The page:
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Medium advice?

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Medium advice?

Postby Soltarianknight » Tue Apr 10, 2012 6:00 pm

Part of my reason for joining here is to get a better grasp on the different mediums and terms used in art. My school has a wonderful art program but i am majoring in Agrisciences and have no room for the class. Im a fish and exotics keeper to tell the truth :p. So, when on the betta forum im a part of decided to have monthly betta art exchange i jumped in. I was originally intending to make some 3D bettas for whom ever i was assigned(we had to offer up pics of one of our bettas for an assigned person to work with). I even made a new design for the 3D origami betta however i got lucky, i got assigned the Wild Betta posted by one of the members, unfortunately, its a complete different shape and wouldnt look good as a origami piece. SO. Heres a picture of what the species looks like
http://farm2.staticflickr.com/1045/5571 ... z.jpg?zz=1
http://www.aquaterraria.com/images/atla ... ostoma.jpg

These are not pictures of the actual fish i was given, but the same shape and color and such. Betta macrostoma, quite the fish.

Im not trained in much of the ways of "art" i dont know simple terms or anything of the such, i can learn, and fast. I was contemplating either a shaded profile of the fish or a color pencil piece, i wanted to know everyone opinions.
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Re: Medium advice?

Postby Singular » Wed Apr 11, 2012 8:41 am

Hi Sam,

There are a lot of things you can do with fish for art. Colored pencil or marker is always a good choice. Pen and ink is good, but requires a bit more skill because it is not as forgiving. You would probably need to start with a light pencil drawing and then use that as your model when you add ink. 3D carving would be cool. Get a flat piece of wood, maybe a couple inches thick and the carve the profile into the wood. You would need wood carving knives and could probably get a set for a decent price.


Here is a digital painting done by an artist here, that might give you a little inspiration if you decide to go the colored pencil route.

Detail: http://www.asingularcreation.com/Galler ... ?pid=23100

all the best,
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Re: Medium advice?

Postby Soltarianknight » Sat Apr 14, 2012 8:09 am

That looks amazing, i got a few sketches done(ok like 5-6) to just help me perfect getting the shape and detail i want. I did 2 shades, which i like on the rough, i will need to actually get out a better shading pencil, did most of them free hand at school. Ill see if i cant get 1 or 2 pics posted here(times like this i wish the scanner wasnt broken.)
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Re: Medium advice?

Postby LakeofGlass » Wed May 23, 2012 3:09 pm

For beginners, colored pencil would be a better choice. They aren't easily erasable, just in case you believe you can erase it.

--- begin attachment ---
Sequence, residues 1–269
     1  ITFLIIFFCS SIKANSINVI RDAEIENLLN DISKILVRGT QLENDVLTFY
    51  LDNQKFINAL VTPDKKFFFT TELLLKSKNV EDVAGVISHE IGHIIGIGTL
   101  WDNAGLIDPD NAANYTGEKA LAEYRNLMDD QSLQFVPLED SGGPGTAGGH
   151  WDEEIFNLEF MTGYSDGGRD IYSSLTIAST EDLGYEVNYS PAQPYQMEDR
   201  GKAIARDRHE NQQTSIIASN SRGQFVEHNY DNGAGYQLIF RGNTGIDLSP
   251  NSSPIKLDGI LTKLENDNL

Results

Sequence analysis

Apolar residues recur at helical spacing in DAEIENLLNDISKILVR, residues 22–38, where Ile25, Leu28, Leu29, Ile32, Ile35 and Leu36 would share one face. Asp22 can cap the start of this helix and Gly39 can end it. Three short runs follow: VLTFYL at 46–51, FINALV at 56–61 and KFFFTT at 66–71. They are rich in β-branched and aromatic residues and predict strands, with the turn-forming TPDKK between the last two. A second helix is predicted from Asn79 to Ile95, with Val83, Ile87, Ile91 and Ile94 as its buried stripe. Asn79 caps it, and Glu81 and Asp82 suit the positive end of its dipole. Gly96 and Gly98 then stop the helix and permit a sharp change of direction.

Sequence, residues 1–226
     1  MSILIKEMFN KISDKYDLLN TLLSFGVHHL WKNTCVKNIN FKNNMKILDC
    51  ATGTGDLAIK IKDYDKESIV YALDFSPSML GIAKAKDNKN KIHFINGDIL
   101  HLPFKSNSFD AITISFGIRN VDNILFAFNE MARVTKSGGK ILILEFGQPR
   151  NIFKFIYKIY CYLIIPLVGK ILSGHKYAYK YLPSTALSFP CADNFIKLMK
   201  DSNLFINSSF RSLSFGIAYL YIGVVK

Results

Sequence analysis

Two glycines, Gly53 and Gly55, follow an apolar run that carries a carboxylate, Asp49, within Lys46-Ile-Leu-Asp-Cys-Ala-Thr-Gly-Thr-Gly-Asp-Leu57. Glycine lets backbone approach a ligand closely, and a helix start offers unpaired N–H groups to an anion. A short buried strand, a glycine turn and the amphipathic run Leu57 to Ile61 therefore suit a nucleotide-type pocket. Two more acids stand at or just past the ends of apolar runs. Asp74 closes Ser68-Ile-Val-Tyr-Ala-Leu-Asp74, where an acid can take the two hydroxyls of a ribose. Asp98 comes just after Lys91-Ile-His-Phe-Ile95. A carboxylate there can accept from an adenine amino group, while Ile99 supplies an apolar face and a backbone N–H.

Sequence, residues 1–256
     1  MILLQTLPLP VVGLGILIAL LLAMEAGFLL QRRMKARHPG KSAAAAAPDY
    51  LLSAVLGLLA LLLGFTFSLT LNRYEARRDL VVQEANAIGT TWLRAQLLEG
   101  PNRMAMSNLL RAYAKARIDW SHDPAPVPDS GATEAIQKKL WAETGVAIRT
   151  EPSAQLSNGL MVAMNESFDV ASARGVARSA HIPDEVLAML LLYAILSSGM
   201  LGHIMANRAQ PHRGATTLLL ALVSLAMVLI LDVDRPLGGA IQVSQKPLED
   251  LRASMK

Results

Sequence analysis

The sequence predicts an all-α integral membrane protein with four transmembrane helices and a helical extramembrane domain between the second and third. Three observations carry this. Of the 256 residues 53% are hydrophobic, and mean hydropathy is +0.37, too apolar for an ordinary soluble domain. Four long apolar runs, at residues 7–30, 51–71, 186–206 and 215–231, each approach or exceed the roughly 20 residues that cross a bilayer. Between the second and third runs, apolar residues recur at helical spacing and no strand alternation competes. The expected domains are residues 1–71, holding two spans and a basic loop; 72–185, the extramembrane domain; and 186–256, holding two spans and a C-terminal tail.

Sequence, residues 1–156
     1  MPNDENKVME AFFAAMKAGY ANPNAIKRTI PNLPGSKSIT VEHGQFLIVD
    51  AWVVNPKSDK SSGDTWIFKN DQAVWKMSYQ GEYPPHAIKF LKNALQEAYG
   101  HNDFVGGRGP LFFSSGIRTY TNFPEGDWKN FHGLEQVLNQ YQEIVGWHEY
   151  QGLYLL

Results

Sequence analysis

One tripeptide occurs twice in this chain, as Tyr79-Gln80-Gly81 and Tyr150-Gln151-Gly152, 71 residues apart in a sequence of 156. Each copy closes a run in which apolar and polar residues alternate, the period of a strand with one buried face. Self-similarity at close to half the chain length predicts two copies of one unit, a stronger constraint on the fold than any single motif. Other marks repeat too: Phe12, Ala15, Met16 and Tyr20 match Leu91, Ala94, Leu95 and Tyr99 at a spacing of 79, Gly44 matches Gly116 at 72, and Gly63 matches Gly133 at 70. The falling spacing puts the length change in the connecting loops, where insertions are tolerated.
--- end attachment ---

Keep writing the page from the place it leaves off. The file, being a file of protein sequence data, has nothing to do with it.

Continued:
In spite of you being a fast learner, drawing still takes quite a lot of time to learn. The first way to start out is by learning gesture drawing. It helps you draw what you see, not what you believe is there. When I was in high school, the art teacher actually started us out with drawing toilet paper. Why? It was a simple cylinder that would have a random extra piece that would crinkle and fold, much like fabric.

Start with simple objects, and challenge yourself to do at least 1 complete drawing a day. Find a small box for a cube, maybe a potpourri cone for a cone shape, a stress ball for a sphere, and any can for a cylinder. Toy around with lighting by using a desk lamp and setting your object closer and further away. Try to pay attention to perspective by examining vanishing points. You don't need to become an expert, but doing theme days for each one will help you progress faster. Try a simple object first, then apply that to the fish.

For practice, try to use a 3B or 4B graphite pencil. Draw from your elbow, not your wrist. Investing in a table easel will benefit you. If you don't buy that, get a drawing board and lean it on the back of another chair. Having your drawings elevated allow you more freedom to work, and you will see your subject easier as you draw. It might seem like you can just lean your hand on the paper and draw well, but when you learn gesture drawing better, you'll find that it moves things along much faster. The finer details are done similar to normal writing.

Also, don't listen to the right-brain/left-brain junk. There is no such thing. My father, who is getting his doctorate in psychology, mentioned to me that discussing right-brained/left-brained things were actually a common joke among them. So saying something like, "Oh, I'm creative, I must be very right-brained," would be very tongue-in-cheek. Anyone with half a brain on either side can learn to draw, as long as there is an interest. The ones who "master" it are probably just more visual thinking than others. Those who think in pictures tend to communicate better that way.
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